If both partners are young and healthy and have been trying to conceive for one year without success, a visit to a physician or women's health nurse practitioner (WHNP) could help to highlight potential medical problems earlier rather than later. The doctor or WHNP may also be able to suggest lifestyle changes to increase the chances of conceiving.[62]

Risk of multiples. IUI with fertility medication carries a significant risk of multiple pregnancies, including higher-order multiples (triplets or more). A good clinic will carefully monitor your follicles to make sure that only a safe number are mature before the IUI, but they cannot entirely eliminate the risk. Recent advances in IVF (including blastocyst transfer) mean that most modern fertility clinics now transfer only one or two embryos per IVF cycle. As a result, the risk of multiple pregnancies for IVF patients is much lower than it used to be.
^ Jump up to: a b Broer SL, van Disseldorp J, Broeze KA, Dolleman M, Opmeer BC, Bossuyt P, Eijkemans MJ, Mol BW, Broekmans FJ (2012). "Added value of ovarian reserve testing on patient characteristics in the prediction of ovarian response and ongoing pregnancy: an individual patient data approach". Human Reproduction Update. 19 (1): 26–36. doi:10.1093/humupd/dms041. PMID 23188168.
If a man and woman 35 or younger have had unprotected sex for at least 12 months (or six months if older than 35) without getting pregnant, they should suspect secondary infertility. This especially applies to women older than 30 who have experienced pelvic inflammatory disease, painful periods, irregular menstrual cycles or miscarriages, and to men with low sperm counts.
A closer look at the data suggest that the benefit of letrozole over clomid depended on the BMI of the participants. For patients with a BMI of less than 30 kg/m2, the cumulative live birth rate was approximately 30% for each group. However, for patients with a BMI over 30 kg/m2, twice as many patients had a live birth in the letrozole group than the clomid group.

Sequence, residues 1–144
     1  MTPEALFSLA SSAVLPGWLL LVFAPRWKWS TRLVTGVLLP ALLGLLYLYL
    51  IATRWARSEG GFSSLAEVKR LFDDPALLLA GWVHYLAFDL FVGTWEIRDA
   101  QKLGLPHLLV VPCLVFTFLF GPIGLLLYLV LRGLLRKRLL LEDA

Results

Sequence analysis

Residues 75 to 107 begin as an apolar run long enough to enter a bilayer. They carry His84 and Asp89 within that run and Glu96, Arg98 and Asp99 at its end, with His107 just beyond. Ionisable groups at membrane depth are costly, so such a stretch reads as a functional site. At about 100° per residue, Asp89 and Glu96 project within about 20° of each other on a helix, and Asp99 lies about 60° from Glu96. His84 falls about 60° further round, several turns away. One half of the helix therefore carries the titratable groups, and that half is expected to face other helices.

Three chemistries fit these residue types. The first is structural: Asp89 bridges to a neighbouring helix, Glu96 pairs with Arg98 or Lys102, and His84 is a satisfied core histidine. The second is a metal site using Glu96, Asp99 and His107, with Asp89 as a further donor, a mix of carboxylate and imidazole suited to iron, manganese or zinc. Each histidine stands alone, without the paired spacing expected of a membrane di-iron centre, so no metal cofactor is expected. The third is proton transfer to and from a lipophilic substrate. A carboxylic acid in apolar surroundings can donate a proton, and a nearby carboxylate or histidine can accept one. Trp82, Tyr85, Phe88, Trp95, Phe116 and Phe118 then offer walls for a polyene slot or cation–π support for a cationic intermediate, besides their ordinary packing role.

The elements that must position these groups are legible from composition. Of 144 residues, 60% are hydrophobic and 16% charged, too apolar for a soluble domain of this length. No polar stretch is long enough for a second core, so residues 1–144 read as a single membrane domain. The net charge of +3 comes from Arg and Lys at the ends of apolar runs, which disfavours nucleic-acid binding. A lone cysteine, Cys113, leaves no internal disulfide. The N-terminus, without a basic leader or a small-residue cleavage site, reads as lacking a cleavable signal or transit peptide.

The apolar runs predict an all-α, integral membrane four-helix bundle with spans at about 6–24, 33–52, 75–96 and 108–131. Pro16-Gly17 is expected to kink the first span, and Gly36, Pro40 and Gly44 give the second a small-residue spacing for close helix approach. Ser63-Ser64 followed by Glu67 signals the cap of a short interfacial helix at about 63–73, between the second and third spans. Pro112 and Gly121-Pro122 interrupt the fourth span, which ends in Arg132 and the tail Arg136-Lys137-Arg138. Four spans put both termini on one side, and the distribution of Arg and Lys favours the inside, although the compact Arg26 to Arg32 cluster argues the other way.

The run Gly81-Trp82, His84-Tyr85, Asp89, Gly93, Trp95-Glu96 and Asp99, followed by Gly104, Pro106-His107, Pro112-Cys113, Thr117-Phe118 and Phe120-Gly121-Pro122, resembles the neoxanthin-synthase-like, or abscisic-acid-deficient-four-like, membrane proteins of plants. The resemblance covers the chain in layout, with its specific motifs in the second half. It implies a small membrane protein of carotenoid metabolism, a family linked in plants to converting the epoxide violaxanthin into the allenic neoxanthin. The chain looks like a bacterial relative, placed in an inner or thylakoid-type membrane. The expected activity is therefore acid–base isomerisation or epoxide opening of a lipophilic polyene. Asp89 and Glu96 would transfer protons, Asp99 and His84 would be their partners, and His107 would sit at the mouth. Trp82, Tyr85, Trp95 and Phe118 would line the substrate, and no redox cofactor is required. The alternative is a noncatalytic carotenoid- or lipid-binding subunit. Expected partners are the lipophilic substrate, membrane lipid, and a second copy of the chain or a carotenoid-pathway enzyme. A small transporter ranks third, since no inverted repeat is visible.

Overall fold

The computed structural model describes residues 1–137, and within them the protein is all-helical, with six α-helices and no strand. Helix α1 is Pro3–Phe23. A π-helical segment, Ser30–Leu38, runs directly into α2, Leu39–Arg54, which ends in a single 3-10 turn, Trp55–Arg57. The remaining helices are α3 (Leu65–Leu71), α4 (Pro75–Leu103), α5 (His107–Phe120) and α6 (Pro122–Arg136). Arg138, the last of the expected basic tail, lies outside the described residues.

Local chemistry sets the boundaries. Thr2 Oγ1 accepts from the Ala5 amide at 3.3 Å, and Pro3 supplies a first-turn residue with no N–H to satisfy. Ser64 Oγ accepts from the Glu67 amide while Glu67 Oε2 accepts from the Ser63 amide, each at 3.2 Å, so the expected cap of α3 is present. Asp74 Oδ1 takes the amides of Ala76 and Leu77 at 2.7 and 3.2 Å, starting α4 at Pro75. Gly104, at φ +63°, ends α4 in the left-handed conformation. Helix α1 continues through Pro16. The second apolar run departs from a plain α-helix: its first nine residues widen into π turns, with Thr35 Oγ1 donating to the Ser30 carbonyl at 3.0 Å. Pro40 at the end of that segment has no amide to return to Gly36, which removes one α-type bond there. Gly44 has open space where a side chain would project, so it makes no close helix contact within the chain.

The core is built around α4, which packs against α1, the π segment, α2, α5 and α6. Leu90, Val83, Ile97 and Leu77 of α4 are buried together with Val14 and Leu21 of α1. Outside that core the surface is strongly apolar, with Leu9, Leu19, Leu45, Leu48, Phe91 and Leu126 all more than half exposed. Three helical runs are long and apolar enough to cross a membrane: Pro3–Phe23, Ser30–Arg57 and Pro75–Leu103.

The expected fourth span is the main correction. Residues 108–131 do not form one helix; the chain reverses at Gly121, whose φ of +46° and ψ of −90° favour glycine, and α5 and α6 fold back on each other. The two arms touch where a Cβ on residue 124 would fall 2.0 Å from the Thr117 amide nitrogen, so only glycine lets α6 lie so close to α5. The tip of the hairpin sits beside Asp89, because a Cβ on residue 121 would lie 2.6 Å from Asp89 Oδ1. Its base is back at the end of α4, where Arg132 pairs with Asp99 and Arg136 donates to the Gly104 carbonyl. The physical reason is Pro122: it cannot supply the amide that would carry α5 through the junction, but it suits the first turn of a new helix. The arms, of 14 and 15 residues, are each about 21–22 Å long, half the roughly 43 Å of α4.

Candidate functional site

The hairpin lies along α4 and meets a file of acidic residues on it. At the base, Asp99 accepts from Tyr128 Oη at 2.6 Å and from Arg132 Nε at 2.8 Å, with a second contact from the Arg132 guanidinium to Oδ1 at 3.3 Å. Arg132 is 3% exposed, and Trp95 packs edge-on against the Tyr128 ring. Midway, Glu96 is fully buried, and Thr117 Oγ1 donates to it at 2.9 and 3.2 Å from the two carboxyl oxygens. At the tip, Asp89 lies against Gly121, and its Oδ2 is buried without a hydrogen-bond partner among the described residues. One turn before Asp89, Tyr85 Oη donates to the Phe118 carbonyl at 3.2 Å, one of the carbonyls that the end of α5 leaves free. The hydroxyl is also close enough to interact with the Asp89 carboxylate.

Using the information that you enter below, this tool allows you to estimate your chance of having a live birth using in vitro fertilization (IVF)—the most common type of Assisted Reproductive Technology (ART). This information is calculated based on the experiences of women and couples with similar characteristics. The estimates are based on the data we have available and may not be representative of your specific experience. Additionally, this IVF success estimator does not provide medical advice, diagnosis, or treatment. Please speak with your doctor about your specific treatment plan and potential for success.

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Vibratory stimulation or electric ejaculation: Vibratory stimulation is a painless and non-sedative procedure adapted to collect the sperms of men with spinal cord injuries who cannot experience natural ejaculation. Electric ejaculation is used for men who do not respond to vibratory stimulation process. The collected sperm is then transferred to the woman’s uterus for fertilization.


Gonadotropins are another drug used to trigger ovulation. Gonadotropins are used if other drugs are not successful or if many eggs are needed for infertility treatments. Gonadotropins are given in a series of shots early in the menstrual cycle. Blood tests and ultrasound exams are used to track the development of the follicles. When test results show that the follicles have reached a certain size, another drug may be given to signal a follicle to release its matured egg.
Spend quality time with your child. In the midst of your infertility problems, you may feel especially upset about shifting your focus from the child you already have to the child you’re longing to have in the future. You may even feel guilty about your inability to give your little one a sibling or about the sadness you are sure is spilling over into her life. The best thing you can do for your child in this situation is to keep life as normal as possible, and ideally, find some quality time to be together. Whether it’s a chat about her day before you tuck her into bed or an afternoon romp in the park, those rituals will go a long way toward keeping your tot’s world stable and happy — even if you sometimes feel your world is spinning out of control. (You might find that focusing on your child lets you live in the moment — at least for a little while — which can help you cope with secondary infertility.) If you’re in a particularly bad place and fear that you may have a hard time handling your true emotions in front of your child (say, your pregnancy test just came up negative for the zillionth time in a row), see if you can arrange to send her to a friend’s house, or enlist your partner or mother-in-law to take over for a bit. Allowing yourself the time to compose yourself can make it much easier to face your little pride and joy with a smile.